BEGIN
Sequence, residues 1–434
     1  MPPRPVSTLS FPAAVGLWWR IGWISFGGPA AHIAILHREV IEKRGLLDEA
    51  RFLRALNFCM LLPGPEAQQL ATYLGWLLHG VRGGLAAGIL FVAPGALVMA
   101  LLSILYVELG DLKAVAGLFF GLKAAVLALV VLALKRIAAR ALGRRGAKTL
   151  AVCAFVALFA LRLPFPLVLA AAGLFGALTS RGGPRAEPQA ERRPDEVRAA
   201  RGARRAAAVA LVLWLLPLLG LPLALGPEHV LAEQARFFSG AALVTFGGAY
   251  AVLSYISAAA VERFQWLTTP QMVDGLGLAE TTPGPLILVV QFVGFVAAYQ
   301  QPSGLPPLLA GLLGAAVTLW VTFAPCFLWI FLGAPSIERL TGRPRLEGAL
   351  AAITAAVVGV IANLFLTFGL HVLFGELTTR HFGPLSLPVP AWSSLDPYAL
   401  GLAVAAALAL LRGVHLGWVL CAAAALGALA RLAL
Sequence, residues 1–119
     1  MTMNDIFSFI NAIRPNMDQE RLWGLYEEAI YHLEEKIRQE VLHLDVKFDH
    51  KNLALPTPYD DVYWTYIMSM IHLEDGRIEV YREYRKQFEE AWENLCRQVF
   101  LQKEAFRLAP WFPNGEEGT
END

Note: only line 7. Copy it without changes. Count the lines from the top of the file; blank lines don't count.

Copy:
   251  AVLSYISAAA VERFQWLTTP QMVDGLGLAE TTPGPLILVV QFVGFVAAYQ